Home Missions Humanity Humanity News Preserving a blue and pure world with innovation

Preserving a blue and pure world with innovation

Sunday, 15 October 2017 12:12 PM | ARTICLE BY | Jonas Trinidad
A basin of used utensils and recyclables undergo sorting by Tzu Chi volunteers of Barangay Pasong Tamo, Quezon City. Not only do they maintain the cleanliness of the venue but also show their dedication in protecting Mother Earth to the visitors of the two-day bazaar. 【Photo by Jonas Trinidad】

Story Highlights

  • Mission of Education aside, the two-day Fiesta Verde bazaar offers an avenue for many exhibitors to showcase their ways on protecting the environment, an advocacy Tzu Chi has championed over the decades.

This year’s Fiesta Verde wellness and vegetarian food fair focuses on sending impoverished children to school. But the environmental aspect of the event remains a strong point for visitors and exhibitors alike to ponder.

As environmental protection forms the fivefold core of Tzu Chi’s advocacies, Fiesta Verde hosts a plethora of ways on how to preserve this blue and pure world. At the tip of the spear are Tzu Chi volunteers on cleaning and recycling duty, roaming the event venue to collect used cutlery and recyclable materials and clean them. The never-ending stream of visitors push volunteers like Marlyn Delos Santos to the limits of their endurance, but not a soul complained.

“We do this to help keep our surroundings clean, as well as to help people and teach the youth not to throw trash aimlessly,” says Delos Santos, a volunteer from Barangay Pasong Tamo, Quezon City.

To minimize waste generated by the activity, some food exhibitors use reusable bowls and utensils. Tzu Chi volunteers collect them after the visitors have finished eating and bring them at the back where fellow volunteers wash them. They’re required to keep up with the demand of an attendance of thousands.

“We have to be focused on our work. We monitor customers who are about to leave [so that we can collect the utensils and recyclables]. We have to do it with a smile so that they feel at ease,” Delos Santos adds.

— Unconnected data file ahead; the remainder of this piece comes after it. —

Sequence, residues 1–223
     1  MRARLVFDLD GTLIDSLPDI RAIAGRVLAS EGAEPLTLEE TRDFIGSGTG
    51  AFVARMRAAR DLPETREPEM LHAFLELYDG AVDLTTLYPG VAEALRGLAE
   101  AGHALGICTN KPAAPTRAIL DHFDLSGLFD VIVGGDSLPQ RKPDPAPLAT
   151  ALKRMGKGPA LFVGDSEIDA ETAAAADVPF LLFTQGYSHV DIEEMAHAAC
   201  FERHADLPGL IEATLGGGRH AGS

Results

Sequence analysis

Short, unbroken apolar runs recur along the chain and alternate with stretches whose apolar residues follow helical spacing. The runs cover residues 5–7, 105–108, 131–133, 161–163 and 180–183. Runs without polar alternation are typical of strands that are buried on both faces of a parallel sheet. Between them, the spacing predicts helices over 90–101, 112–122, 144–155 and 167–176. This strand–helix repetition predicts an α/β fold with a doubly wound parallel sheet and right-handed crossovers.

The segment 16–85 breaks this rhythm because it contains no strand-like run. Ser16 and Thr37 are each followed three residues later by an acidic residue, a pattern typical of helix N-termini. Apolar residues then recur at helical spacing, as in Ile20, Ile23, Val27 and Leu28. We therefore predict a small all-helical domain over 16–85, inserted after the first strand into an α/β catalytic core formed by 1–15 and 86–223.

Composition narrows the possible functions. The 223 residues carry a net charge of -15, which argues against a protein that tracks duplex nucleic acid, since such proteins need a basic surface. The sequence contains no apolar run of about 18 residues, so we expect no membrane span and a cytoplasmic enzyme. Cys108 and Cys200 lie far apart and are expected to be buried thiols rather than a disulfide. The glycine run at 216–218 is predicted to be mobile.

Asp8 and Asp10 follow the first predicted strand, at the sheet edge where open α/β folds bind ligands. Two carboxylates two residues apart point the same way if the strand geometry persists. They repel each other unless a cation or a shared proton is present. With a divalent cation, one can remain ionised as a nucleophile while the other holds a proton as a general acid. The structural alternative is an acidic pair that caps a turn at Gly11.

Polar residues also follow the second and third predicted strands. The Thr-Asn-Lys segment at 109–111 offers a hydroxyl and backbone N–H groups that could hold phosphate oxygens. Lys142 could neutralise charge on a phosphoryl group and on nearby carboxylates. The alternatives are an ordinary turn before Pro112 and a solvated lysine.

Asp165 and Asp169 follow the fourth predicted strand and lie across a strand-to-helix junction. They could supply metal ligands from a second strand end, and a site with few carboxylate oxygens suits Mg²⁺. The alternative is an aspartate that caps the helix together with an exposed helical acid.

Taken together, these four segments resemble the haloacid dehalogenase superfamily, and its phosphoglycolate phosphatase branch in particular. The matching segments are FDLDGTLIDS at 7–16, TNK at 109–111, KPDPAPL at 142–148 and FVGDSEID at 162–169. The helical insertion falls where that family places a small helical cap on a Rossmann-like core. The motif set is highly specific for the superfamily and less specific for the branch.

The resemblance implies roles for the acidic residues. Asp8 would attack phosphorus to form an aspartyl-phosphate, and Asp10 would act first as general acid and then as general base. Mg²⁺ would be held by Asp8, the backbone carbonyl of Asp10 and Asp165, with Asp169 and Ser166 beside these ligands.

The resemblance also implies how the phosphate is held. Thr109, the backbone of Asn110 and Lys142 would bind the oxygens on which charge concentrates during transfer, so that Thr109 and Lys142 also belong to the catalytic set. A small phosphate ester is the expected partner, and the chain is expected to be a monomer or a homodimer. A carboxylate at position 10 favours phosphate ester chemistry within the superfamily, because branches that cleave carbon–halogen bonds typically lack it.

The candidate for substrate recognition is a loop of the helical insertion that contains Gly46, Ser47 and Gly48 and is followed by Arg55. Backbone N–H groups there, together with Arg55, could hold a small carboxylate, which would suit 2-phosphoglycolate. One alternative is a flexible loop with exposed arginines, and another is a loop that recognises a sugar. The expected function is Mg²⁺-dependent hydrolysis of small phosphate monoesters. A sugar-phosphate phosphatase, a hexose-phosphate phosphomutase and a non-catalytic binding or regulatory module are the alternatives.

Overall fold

Proof of concept

Fiesta Verde has become a platform for small exhibitors to present their methods for protecting the environment. However small-scale their operations may be, their presence garners a couple of eyes from the vast crowd, perhaps the kind of exposure they need.

SGD Coffee, a café business that uses coffee from the Cordillera Mountains, prides in its way of protecting the environment by treating local farmers as partners. Buying coffee beans from them at a high price and providing them technical advice on sustainable farming benefit the farmers in the long run. For instance, planting coffee trees under larger trees not only provide the former with shade but also protects the mountainsides from erosion.

“We let [the farmers] know that we want to work with them, not just working to take advantage of them,” says Arius Mamanteo, representative for SGD Coffee.

The result of such best practices is a brew not too bitter compared to conventional black coffee, as well as lower caffeine content.

Meanwhile, recycling is the highlight of Siklo Pilipinas, a producer of bags and belts made with the air tubes of worn-out tires. By buying said tires from junkshops and the like, the company keeps the tires—whose degradation rate is longer than plastic, if not forever—away from the landfills.

“We are a very small company, but we are creating this awareness for the public,” says Clarice Ecuacion, representative for Siklo Pilipinas.

Last Updated: Sunday, 15 October 2017 12:12 PM

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